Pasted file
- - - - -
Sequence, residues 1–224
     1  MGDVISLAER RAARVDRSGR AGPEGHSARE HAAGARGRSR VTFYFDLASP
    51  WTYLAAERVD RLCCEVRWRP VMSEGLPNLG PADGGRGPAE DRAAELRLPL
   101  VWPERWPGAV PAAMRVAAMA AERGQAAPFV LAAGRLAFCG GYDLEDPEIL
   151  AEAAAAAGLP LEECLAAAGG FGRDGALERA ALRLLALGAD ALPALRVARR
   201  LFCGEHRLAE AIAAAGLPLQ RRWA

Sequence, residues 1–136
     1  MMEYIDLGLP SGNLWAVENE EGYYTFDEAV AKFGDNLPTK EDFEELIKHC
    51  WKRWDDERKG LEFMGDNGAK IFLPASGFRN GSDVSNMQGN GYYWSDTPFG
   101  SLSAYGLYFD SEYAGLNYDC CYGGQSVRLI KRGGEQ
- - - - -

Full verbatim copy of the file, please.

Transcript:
Sequence, residues 1–224
     1  MGDVISLAER RAARVDRSGR AGPEGHSARE HAAGARGRSR VTFYFDLASP
    51  WTYLAAERVD RLCCEVRWRP VMSEGLPNLG PADGGRGPAE DRAAELRLPL
   101  VWPERWPGAV PAAMRVAAMA AERGQAAPFV LAAGRLAFCG GYDLEDPEIL
   151  AEAAAAAGLP LEECLAAAGG FGRDGALERA ALRLLALGAD ALPALRVARR
   201  LFCGEHRLAE AIAAAGLPLQ RRWA

Sequence, residues 1–136
     1  MMEYIDLGLP SGNLWAVENE EGYYTFDEAV AKFGDNLPTK EDFEELIKHC
    51  WKRWDDERKG LEFMGDNGAK IFLPASGFRN GSDVSNMQGN GYYWSDTPFG
   101  SLSAYGLYFD SEYAGLNYDC CYGGQSVRLI KRGGEQ